The following is the final segment from a feature article appearing in the June 2015 issue of Coin World Monthly:
Read earlier pieces of the feature:
Benedetto Pistrucci’s masterpiece took 30 years to complete, and then wasn't struck
Once completed, Waterloo medal design considered a masterpiece
In some respects the Waterloo Medal can still be considered incomplete. The dies are more than 5 inches in diameter, and are considered too large to be safely hardened for use, although impressions of the work have been made in soft metal or by electrotype and been sold by the Royal Mint.
In 1972, John Pinches (Medallists) Ltd. of London issued replica versions measuring 64 millimeters in diameter and 4 millimeters in thickness. These .925 fine silver medals weigh approximately 4.5 ounces. The edge lettering reads: WATERLOO JUNE 18, 1815-JP-1114.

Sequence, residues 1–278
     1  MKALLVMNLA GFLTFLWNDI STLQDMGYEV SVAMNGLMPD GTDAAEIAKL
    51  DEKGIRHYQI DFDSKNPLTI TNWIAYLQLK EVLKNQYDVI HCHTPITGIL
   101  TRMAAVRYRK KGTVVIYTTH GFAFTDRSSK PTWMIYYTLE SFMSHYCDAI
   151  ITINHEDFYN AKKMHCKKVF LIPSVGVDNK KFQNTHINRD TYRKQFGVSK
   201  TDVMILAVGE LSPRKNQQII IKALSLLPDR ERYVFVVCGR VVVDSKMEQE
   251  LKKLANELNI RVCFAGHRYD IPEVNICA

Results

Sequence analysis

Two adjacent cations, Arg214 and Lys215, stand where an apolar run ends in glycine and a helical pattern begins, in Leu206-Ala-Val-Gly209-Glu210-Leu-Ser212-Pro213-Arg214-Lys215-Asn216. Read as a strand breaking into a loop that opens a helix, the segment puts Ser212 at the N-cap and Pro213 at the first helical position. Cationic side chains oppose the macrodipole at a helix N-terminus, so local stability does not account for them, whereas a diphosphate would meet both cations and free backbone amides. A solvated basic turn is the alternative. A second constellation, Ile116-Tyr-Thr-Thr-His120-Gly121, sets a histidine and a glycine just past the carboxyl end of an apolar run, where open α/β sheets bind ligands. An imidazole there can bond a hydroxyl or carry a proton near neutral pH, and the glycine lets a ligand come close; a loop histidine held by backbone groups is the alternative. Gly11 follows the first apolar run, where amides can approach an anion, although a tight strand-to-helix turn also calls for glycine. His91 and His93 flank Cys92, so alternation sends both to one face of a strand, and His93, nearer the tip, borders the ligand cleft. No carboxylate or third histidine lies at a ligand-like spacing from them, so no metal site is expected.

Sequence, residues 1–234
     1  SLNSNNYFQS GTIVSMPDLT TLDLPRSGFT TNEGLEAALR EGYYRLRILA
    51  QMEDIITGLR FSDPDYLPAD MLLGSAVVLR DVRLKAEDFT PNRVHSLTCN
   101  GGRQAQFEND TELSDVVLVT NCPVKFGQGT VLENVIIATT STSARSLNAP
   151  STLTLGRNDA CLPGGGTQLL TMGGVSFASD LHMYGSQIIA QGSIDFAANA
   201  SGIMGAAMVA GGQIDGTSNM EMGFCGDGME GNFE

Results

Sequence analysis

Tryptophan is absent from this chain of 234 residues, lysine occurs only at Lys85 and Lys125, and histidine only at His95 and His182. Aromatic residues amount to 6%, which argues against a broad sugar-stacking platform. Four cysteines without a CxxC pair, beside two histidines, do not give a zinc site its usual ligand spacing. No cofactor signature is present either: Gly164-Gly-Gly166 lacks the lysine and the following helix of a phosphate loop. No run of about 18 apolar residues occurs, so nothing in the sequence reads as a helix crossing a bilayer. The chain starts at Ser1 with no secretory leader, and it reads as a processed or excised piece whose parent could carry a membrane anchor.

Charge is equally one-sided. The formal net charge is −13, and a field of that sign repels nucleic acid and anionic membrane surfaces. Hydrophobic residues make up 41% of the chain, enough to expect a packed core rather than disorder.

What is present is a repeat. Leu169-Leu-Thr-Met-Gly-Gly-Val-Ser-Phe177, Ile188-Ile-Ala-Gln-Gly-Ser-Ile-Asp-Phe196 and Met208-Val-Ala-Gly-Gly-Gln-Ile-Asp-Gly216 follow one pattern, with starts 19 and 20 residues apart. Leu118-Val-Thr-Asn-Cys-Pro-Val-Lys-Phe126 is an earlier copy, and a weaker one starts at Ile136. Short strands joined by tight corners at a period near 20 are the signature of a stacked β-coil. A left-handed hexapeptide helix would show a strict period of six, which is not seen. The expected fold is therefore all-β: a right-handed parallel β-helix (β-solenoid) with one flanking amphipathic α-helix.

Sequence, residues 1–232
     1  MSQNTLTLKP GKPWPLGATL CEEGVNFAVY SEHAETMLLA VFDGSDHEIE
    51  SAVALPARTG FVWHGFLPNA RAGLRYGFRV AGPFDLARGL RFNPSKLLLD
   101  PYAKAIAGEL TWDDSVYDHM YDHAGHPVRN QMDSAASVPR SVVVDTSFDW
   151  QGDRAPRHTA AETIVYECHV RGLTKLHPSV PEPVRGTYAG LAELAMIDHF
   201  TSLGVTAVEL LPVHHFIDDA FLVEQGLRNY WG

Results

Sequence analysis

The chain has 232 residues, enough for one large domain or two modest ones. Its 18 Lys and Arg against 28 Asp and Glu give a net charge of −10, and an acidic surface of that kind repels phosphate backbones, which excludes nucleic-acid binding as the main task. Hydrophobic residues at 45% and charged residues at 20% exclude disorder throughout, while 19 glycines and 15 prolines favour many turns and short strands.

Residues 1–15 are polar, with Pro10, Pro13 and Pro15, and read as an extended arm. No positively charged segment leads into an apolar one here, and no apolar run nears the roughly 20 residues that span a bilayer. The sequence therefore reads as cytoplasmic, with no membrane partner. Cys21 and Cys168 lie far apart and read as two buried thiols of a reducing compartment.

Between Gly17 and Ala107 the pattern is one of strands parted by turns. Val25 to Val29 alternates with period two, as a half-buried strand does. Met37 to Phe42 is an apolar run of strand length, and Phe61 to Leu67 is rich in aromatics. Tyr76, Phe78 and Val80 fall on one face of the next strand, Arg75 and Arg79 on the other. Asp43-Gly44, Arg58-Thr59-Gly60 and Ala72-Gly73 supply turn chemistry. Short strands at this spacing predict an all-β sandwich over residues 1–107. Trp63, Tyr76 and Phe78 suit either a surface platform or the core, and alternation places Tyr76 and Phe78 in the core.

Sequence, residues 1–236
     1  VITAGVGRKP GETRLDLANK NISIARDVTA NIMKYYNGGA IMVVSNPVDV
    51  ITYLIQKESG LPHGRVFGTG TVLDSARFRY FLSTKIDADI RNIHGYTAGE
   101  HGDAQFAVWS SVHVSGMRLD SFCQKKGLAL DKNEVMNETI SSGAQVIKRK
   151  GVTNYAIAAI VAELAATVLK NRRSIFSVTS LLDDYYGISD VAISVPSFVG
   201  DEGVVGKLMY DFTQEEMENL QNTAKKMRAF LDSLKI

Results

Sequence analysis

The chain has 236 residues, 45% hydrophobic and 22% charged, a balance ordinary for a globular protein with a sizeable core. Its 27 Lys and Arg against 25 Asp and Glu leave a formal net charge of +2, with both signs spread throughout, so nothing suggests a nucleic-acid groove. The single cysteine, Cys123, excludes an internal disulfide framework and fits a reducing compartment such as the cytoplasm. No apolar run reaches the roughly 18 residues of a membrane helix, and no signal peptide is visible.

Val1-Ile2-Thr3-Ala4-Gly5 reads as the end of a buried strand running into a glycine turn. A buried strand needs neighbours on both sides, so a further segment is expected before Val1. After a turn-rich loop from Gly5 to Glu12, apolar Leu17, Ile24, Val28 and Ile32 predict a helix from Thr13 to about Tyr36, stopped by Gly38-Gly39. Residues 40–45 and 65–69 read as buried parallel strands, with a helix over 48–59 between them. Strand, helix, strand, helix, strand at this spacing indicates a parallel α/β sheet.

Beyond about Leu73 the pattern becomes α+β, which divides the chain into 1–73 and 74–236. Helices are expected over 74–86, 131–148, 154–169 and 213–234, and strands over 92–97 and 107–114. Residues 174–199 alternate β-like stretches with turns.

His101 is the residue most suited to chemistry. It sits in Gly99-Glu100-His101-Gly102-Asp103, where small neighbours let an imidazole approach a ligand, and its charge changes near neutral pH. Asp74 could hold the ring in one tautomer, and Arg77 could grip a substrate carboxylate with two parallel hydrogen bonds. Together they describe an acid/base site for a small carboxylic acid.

In 1991, the Royal Mint decided to strike 63-millimeter replicas of the medal in gold, silver and bronze on the 175th anniversary of the Battle of Waterloo.
To mark the 200th anniversary of the battle, multiple versions have been issued by a private firm.
London Mint Office, a division of European coin distributor SamlerHuset, has issued 12 versions total of six different Napoleonic medals, including the Waterloo Medal in three versions. Their issue is being coordinated through the U.K. government’s official Waterloo 200 anniversary celebrations and Worcester Medal Services (which created the official Diamond Jubilee medals for Queen Elizabeth II in 2012).
The London Mint Office’s silver-plated base metal Waterloo Medal weighs 400 grams, measures 88.9 millimeters in diameter and has a mintage limit of 1,815 pieces. These are sold for £297 each.